Mother's Milk Bank of South Carolina
- Need: Neonatal Intensive Care Units (NICUs) across the state of South Carolina were purchasing breast milk from out-of-state milk banks for preterm infants.
- Intervention: The Mother's Milk Bank of South Carolina (MMBSC) opened 17 sites in South Carolina for breast milk to be donated, safely pasteurized, and delivered to NICUs across the state.
- Results: Over 260,000 ounces of milk have been donated to MMBSC depot sites and over 186,000 ounces of milk have been delivered to South Carolina NICUs.
Breast milk is recommended by the National Institute of Health for healthy infant growth and protection against infections. In situations where infants are born prematurely or do not have a source of milk, donor breast milk is considered safe when the appropriate measures are taken to collect, store, and pasteurize, according to the American Academy of Pediatrics. There are risks involved in sharing breast milk of unpasteurized milk, such as contamination and exposures to medication, drugs, or herbs.
South Carolina's preterm birth rate falls below the
national average, at 11.2%. Neonatal Intensive Care Units
(NICUs) across the state have commonly purchased donated
pasteurized breast milk from
out-of-state milk banks to help nurture premature
In order to address the need for breast milk and provide
South Carolina mothers the option of donating locally,
the South Carolina Neonatal Consortium, the
South Carolina Birth Outcomes Initiative, and the
Medical University of
South Carolina partnered to open the state's first
milk bank in 2015.
The Mother's Milk Bank of South Carolina (MMBSC) manages 20 drop-off sites or "depots" located throughout the state, two of which are in the rural towns of Beaufort and Murrells Inlet. MMBSC safely pasteurizes donated breast milk to supply partnering NICUs in South Carolina at a lower cost.
Each milk depot includes at least one coordinator (recruits and communicates with donors, manages sites), a milk preparation technician (pasteurizes, screens, and distributes milk) and a medical director (oversees screening process).
MMBSC currently has contracts 12 South Carolina hospitals to provide neonatal infants with a milk supply for $4 an ounce and no charge to the patients' families. MMBSC opened with $196,000 in donations from 17 organizations across the state.
To ensure the safety of donated breast milk, MMBSC follows strict screening, processing, and dispensing guidelines established by the Human Milk Banking Association of North America (HMBANA), a professional organization that supports nonprofit human milk banking. MMBSC walks donors through a process that includes completing a phone screening, clearance from the mother's obstetrician and her baby's pediatrician, and a complimentary blood draw to test for HIV, HTLV, hepatitis B and C, and syphilis.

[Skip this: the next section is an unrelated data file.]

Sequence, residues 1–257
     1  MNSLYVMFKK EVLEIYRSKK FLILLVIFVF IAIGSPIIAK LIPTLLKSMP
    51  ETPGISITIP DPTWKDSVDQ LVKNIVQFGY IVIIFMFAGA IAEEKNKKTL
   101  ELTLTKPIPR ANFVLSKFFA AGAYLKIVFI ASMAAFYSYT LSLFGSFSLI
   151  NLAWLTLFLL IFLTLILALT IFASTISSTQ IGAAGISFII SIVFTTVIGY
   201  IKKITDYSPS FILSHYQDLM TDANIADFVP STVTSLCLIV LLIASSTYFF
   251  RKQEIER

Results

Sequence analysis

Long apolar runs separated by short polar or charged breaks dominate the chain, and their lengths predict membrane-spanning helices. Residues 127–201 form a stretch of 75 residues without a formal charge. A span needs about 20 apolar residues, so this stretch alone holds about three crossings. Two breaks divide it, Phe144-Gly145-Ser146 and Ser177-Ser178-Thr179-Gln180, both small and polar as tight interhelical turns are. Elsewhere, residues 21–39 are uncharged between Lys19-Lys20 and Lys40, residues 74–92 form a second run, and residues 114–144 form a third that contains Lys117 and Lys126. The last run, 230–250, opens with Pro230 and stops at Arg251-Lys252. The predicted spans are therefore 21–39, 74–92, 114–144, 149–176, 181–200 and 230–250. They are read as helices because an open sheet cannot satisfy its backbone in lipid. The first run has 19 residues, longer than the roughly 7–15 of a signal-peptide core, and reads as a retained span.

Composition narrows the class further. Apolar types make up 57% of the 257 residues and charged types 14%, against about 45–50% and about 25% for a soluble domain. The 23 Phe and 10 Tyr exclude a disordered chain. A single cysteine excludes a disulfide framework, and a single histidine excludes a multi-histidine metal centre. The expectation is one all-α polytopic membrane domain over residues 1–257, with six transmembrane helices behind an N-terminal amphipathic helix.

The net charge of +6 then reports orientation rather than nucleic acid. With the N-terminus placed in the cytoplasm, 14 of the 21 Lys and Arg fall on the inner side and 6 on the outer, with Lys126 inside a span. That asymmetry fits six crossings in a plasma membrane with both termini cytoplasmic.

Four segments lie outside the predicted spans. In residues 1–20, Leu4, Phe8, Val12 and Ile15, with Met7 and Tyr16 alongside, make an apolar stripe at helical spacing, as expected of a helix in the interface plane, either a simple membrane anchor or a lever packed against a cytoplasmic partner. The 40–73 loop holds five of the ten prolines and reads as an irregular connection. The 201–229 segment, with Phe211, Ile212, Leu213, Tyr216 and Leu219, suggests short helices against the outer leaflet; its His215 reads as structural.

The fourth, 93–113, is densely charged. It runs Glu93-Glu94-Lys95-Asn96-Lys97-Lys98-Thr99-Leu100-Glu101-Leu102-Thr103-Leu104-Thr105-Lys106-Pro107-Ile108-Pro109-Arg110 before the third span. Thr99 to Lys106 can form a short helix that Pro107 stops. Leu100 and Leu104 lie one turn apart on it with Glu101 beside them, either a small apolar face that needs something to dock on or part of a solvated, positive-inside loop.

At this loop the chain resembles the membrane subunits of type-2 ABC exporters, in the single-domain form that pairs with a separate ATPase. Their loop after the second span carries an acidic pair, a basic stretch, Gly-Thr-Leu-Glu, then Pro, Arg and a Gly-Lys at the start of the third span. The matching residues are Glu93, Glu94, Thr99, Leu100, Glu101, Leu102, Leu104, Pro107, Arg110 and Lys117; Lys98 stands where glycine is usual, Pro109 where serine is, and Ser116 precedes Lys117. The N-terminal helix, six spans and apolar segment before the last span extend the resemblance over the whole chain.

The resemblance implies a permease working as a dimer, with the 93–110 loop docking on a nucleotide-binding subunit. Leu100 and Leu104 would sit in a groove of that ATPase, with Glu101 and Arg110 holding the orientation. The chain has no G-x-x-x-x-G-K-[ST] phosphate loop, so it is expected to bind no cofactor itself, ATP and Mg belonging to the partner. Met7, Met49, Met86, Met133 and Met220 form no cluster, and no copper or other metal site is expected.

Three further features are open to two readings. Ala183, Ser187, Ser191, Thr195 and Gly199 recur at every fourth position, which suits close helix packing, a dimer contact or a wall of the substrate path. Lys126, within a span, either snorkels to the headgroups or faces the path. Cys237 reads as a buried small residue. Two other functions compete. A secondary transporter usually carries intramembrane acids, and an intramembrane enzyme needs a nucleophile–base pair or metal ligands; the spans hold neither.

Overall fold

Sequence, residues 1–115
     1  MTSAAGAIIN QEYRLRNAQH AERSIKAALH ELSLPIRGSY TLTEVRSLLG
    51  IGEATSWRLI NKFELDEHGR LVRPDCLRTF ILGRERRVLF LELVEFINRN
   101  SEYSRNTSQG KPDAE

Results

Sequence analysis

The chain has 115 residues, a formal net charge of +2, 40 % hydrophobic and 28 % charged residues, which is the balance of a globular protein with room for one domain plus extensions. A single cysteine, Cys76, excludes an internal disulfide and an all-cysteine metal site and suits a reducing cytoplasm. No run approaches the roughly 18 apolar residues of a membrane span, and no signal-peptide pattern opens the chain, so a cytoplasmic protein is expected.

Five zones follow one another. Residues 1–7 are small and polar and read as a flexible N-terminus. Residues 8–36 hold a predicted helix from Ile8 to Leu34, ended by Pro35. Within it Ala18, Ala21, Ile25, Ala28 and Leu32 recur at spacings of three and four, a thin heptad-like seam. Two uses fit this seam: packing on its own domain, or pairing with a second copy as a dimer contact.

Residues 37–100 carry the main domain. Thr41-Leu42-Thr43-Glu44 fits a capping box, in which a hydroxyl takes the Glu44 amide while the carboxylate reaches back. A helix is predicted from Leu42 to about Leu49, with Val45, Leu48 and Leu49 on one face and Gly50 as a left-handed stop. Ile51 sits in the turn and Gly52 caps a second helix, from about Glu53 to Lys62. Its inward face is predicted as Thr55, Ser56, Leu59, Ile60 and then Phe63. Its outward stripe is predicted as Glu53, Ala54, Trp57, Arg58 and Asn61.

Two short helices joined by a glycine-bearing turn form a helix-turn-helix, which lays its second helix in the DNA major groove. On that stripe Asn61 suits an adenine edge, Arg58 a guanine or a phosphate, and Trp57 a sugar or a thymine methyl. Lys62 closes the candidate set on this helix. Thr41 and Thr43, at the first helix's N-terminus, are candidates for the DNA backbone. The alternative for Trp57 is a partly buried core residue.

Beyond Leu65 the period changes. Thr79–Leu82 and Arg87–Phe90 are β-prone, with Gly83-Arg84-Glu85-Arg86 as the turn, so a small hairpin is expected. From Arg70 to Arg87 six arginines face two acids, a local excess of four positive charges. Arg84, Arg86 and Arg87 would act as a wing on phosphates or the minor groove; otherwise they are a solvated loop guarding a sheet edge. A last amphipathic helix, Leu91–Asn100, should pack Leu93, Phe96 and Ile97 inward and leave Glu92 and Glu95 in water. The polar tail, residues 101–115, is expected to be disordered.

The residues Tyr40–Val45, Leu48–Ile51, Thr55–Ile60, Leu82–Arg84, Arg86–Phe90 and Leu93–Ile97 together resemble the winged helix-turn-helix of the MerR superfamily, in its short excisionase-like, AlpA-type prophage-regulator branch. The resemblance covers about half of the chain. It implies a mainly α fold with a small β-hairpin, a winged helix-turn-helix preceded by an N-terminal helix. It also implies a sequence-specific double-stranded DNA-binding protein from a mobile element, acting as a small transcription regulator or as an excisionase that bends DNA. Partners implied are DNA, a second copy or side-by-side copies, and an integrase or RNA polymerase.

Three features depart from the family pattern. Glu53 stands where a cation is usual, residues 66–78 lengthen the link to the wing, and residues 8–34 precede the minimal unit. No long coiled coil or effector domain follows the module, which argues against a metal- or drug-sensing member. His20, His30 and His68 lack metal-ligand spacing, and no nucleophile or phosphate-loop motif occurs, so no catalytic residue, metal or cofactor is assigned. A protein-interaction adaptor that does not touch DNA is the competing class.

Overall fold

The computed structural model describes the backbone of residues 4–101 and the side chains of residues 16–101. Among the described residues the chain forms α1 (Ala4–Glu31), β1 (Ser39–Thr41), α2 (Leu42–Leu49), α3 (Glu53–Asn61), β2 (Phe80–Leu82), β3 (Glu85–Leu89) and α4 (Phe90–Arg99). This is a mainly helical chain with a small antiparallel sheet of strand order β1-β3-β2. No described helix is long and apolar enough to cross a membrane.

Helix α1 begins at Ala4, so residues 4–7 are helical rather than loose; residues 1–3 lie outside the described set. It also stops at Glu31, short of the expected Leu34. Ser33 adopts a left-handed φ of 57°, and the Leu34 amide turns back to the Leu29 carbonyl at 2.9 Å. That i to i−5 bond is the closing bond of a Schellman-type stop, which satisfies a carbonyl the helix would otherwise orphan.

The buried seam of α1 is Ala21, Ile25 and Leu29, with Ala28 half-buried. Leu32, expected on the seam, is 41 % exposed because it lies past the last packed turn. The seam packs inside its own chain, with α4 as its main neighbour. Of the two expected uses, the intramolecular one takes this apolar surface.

After the mother is cleared as a safe donor, the donated milk goes through these steps before it is safe to distribute:
Neonatal intensive care units (NICUs) across the state administer the donated milk to premature infants weighing 3.3 pounds or less. These babies are fed a standard of 8 ounces of donated milk per day.
In the first two years since the Milk Bank's opening, partnering hospitals saved $86,911 in donor milk purchases. Other results since the Milk Bank opened:
- Over 260,000 ounces of breast milk have been donated to depot sites.
- Over 186,000 ounces of milk have been delivered to South Carolina NICUs.
- MMBSC has approved 359 donors with 151 currently active.
- An average of 1,320 ounces of pasteurized donor milk is delivered to hospitals each week.
The following explain more about South Carolina's preterm birth dilemma and how MMBSC is helping preterm infants and hospital NICUs:
- Mother's Milk Bank of South Carolina reports fewer babies sick as a result of donated breast milk, The Post and Courier, 2018
- South Carolina's first breast milk bank opens in North Charleston, The Post and Courier, 2015
- This video about the South Carolina Birth Outcomes Initiative includes MMBSC's impact on women and babies in South Carolina.
Accredited by the HMBANA, MMBSC has closely followed their guidelines and recommends other milk banks do the same. A mentor from HMBANA offered guidance to help MMBSC become fully operational through the following steps:
- Make sure the community already offers support for breast feeding, there is an adequate amount of interest from mothers to donate their breast milk, and NICUs in the state can benefit from the donations.
- Find a building that can house a milk depot.
- Purchase an adequate amount of freezers to keep the incoming milk frozen.
- Use the appropriate pasteurizing standards, such as
the Holder Pasteurization Method.
- Use a secure, electronic and manual filing system to keep all donor records organized and private.
Children and youth
Food security and nutrition
Prenatal care and obstetrics
Wellness, health promotion, and disease prevention
January 26, 2016
Date updated or reviewed
January 10, 2019
Please contact the models and innovations contact directly for the most complete and current information about this program. Summaries of models and innovations are provided by RHIhub for your convenience. The programs described are not endorsed by RHIhub or by the Federal Office of Rural Health Policy. Each rural community should consider whether a particular project or approach is a good match for their community’s needs and capacity. While it is sometimes possible to adapt program components to match your resources, keep in mind that changes to the program design may impact results.